Posts Tagged ‘communications’

I know how I have made scathing comments in the past about infographics, however there are some really good ones coming out recently that condense a lot of valid information is an easy to understand manner. I guess that’s what infographics are for… (dooh).

The following one illustrates how mobile phone ownership & usage can enable people on lower incomes.

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Below is the video of I talk I gave recently at the Dublin Ignite event. If anyone is wondering why I speak so fast then look up the concept of Ignite events.

One of the factors that led to my involvement in the disaster response and rebuilding after the Haitian earthquake last year started many years before after the tsunami that hit the Indian Ocean in late 2004. At the time I was following the disaster recovery efforts closely and one of the things I noticed was the huge communications issues between the various organisations operating in the disaster areas as well as internally within those organisations. With my background in wireless voice & data networking I got thinking and one of the needs I identified was the need for a simple way for mobile teams to “upload” a geotagged status report which would then be collated and used to coordinate the larger SAR efforts. Something as simple as a report that contained a string of data: “deceased person found, male, located at grid coordinates X”. All this data would then be processed in a mapping & planning system while the search team would be able to move on. Such a system would need to use commonly available communication methods such as mobile phone system, wifi, satellite etc. Ease of use and affordability would be the main requirements.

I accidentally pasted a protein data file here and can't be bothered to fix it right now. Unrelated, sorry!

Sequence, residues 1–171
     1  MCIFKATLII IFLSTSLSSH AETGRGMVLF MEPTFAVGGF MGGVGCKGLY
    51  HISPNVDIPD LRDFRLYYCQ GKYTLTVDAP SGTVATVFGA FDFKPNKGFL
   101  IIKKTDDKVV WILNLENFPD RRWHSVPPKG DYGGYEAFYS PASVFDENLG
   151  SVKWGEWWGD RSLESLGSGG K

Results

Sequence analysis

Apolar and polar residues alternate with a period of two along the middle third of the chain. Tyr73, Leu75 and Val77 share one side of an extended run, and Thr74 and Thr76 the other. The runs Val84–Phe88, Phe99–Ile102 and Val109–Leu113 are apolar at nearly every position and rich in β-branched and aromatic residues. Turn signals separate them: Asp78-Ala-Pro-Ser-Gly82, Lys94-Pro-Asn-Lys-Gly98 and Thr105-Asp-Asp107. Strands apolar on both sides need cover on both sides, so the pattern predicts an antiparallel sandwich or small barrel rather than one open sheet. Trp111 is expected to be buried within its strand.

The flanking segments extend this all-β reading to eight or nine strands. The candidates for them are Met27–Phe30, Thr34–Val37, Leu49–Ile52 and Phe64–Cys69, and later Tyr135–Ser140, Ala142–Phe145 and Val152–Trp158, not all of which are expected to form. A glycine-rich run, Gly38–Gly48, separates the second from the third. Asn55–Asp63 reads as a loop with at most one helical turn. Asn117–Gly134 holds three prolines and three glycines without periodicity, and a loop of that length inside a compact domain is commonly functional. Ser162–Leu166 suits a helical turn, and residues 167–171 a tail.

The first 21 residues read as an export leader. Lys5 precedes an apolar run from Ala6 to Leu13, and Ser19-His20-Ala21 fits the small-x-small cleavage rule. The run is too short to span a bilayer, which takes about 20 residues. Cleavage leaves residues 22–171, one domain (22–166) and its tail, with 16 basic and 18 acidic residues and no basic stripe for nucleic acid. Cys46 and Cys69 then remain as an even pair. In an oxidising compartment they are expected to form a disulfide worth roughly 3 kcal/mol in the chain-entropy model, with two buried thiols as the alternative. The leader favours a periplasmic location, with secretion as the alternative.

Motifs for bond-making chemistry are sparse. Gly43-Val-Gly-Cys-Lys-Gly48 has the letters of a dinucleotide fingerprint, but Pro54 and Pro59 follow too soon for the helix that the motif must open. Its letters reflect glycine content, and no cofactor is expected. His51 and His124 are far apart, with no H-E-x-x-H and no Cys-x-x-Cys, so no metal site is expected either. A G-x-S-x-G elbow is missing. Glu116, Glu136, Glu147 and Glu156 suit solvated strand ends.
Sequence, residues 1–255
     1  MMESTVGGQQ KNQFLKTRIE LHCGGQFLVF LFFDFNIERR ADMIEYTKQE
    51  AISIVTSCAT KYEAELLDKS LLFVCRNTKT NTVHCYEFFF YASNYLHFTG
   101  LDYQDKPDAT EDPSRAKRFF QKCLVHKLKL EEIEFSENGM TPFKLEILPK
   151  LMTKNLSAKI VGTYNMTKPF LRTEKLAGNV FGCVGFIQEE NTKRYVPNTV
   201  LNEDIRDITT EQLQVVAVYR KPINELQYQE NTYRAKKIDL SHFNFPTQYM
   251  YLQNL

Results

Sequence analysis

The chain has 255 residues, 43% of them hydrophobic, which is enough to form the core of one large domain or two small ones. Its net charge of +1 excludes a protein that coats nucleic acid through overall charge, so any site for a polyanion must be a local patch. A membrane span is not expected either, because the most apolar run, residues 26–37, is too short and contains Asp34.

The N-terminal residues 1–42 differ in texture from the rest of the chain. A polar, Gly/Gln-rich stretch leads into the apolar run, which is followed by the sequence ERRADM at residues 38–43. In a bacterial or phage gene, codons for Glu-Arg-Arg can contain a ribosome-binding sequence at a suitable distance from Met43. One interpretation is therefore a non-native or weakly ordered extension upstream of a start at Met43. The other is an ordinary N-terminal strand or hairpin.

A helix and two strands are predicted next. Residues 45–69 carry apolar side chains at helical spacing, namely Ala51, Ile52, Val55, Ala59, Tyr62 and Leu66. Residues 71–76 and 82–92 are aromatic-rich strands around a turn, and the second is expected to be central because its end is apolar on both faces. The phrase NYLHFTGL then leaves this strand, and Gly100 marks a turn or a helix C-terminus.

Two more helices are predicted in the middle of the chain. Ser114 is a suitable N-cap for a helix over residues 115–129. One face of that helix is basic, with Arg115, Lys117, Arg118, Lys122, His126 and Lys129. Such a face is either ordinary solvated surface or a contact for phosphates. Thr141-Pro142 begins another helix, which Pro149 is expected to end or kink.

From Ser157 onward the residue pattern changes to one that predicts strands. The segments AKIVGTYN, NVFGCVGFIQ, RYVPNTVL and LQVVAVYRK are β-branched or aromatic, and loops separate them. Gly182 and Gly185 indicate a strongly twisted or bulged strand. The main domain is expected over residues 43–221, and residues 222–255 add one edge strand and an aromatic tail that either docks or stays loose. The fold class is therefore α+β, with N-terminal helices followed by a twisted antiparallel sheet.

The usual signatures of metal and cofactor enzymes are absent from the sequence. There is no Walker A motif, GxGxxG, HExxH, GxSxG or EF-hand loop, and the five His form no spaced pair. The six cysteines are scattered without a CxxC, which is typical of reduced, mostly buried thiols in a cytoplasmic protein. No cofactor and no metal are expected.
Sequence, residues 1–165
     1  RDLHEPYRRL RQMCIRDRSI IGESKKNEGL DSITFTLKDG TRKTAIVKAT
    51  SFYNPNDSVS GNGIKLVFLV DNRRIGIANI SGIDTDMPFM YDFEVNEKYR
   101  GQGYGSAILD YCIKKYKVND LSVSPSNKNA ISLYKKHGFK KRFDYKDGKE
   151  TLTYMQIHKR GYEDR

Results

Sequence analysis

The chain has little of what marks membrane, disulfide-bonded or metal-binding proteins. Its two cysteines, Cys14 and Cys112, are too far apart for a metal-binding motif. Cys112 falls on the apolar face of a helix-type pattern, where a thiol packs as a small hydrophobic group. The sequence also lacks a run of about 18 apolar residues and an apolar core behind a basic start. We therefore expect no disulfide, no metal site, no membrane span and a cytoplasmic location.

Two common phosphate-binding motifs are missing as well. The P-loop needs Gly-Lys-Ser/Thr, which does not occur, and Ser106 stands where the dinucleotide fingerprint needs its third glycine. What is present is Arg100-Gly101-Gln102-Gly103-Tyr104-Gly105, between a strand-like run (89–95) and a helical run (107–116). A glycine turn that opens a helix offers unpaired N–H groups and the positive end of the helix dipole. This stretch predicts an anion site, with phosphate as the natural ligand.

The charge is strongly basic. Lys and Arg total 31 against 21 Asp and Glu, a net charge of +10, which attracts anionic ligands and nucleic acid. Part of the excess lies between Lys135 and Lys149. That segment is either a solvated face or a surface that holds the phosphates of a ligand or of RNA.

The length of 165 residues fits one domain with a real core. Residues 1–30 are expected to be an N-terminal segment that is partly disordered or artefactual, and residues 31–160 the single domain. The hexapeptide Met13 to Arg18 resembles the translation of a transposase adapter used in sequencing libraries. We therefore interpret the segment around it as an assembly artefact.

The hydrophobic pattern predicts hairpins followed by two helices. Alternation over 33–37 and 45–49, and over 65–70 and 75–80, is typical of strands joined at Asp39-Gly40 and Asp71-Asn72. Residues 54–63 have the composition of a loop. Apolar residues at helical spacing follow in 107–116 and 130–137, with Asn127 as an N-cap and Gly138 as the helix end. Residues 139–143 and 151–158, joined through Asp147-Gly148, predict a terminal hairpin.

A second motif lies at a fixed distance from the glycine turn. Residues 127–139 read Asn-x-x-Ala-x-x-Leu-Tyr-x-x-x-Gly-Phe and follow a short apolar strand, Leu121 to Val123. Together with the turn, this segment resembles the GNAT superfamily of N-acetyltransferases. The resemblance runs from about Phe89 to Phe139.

Over time I kept refining the idea in my head but for a variety of reasons I never did anything tangible with it. So it came as a pleasant surprise to notice an  organisation called USHAHIDI involved int he disaster response work in Haiti. Ushahidi had developed a system allowing people to use the mobile phones they already had to send short report to a preset number. They could report such things as medical emergencies, fires, rioting, property loss etc. and include the location. This was then collated (initially manually but now automated) and put ona  map. Once processed this collated information was then used successfully to coordinate aid-efforts.

The Ushahidi platform has since developed further and has used technology that is now common, but which was unknown when I started thinking about this back in 2004, such as FourSquare, Gowalla etc to create “checkins with a purpose”. It has grown to a system where you can checkin in a way similar to how you would use Foursquare and include relevant information and this would then be processed by the back-end as mentioned above and used in further planning. It is fascinating to see that there is a lot of common thinking even though I have no direct involvement with Ushahidi. Check out this ForaTV video and fast forward to chapter 6.